This kind of exercise in search of high levels of color accuracy (perfect isn't physically possible) is useful if you do studio product photography or reproduction work where color accuracy is highly critical. For general photography, "accurate" color is often not very pleasing. That's why there are (were) so many different film and photo paper types that had their own color characteristics and why there are so many digital settings to achieve similar color results.
Yes, lenses have an effect on color rendition so to do a really accurate profile you'd have to use a fixed color temperature light source and use a specific lens. Nikon lenses tend to have similar color rendition (not perfectly matched, however) and you'll get different color from a Zeiss, Sigma, or Tamron lens.
So are you doing repro work? If so, invest in a professional display and some better glass. If not, don't go chasing color accuracy to the level you seem to think is necessary. Not only is it not necessary, it's not desirable.
#2. "RE: X-Rite colorchecker theory" | In response to Reply # 1TiggerGTO Nikonian since 22nd Feb 2006Tue 14-Oct-08 05:07 PM
Also, remember that even if you have everything calibrated accurately, the color checker chart will not look identical to the image on the screen. It can't. The color checker chart is reflective, and the display is luminescent. That's before you even start talking about whether your LCD display can render the full color spectrum shown in the chart.
When I've talked to people who know what they are talking about, you need to have the printed output at a right angle to the display so that you have to turn your head to look at either one. You can not compare a reflective image to a luminescent image side-by-side.
A Nikonian in North Carolina
#3. "RE: X-Rite colorchecker theory" | In response to Reply # 0
Thanks for the comments. No I'm not doing repro work, just general photography. If color accuracy is so poor (and unrealistic on luminescent displays vs reflective media) then why does everyone make such a big deal about calibrating their display? No I don't need perfect accuracy but I'd like things to be pretty close. I suppose as a scientist I try to go a little further than normal . I know my Apple LCD display isn't the greatest but it is supposed to be at least decent at color reproduction. Exciting news a couple of days ago though from Apple and their new LED-driven LCD panel. I might actually save up and splurge for one of those... I know that LED backlighting has done wonders for color gamuts on LCD displays- in some cases LED driven LCDs have color gamuts bigger than AdobeRGB!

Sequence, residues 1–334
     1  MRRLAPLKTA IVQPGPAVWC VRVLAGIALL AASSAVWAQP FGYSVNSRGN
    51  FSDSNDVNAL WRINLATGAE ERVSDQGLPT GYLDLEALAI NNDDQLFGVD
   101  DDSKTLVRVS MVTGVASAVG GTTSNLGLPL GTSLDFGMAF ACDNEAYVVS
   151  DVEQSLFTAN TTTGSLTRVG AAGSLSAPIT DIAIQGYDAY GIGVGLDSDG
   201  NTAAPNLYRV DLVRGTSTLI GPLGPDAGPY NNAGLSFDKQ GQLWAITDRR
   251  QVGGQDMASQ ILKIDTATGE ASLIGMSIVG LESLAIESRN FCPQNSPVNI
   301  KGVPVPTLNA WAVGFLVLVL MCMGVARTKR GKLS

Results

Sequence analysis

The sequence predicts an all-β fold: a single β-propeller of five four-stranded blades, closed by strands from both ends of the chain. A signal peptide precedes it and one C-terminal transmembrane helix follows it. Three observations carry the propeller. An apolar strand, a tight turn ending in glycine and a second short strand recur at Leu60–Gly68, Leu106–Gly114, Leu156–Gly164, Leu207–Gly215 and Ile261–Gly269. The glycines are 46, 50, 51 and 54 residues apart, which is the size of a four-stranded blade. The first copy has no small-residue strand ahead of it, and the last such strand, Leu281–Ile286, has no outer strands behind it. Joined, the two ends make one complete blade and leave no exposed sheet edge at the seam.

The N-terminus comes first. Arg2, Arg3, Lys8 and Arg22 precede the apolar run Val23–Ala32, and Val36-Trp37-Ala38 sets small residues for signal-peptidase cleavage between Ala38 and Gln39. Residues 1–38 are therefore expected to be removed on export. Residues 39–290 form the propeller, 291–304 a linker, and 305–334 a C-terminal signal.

Anyways, I received my colorimeter in the mail yesterday and profiled my monitor. That combined with the DNG profile I created with the ColorChecker chart are giving me pretty good results now. Actually the calibration I thought was neatest was the camera sensor. I am getting much more vivid (and accurate) reds now that I am using a custom sensor profile for my DSLR. The difference isn't too obvious but on pictures with red it can be pretty noticeable. Worth the $60 or so if you are just a casual user? Maybe not but again as a scientist I thought it was cool.
What should I be using as target whitepoint and gamma values? I created several profiles, all with a target gamma of 2.2, and various whitepoints. I have profiles with whitepoints of 6500k, 4200k (which is what the colorimeter measured as my ambient light), and native. Which should I be using? Do I understand it correctly where in the ideal case one would measure the average color temp of the wall space that a picture will be displayed on and use that as the whitpeoint? Then everything will look really yellow and wierd but only then can you get a realistic idea of what the picture will look like under light of that temp? What is the purpose of using values like 6500k (D65) or 5000k (D50)? Are those only for specalized commercial printing press situations? Otherwise I should just stick with native?
#4. "RE: X-Rite colorchecker theory" | In response to Reply # 3Yachtsman Registered since 10th Jun 2006Wed 15-Oct-08 05:19 PM | edited Wed 15-Oct-08 05:20 PM by Yachtsman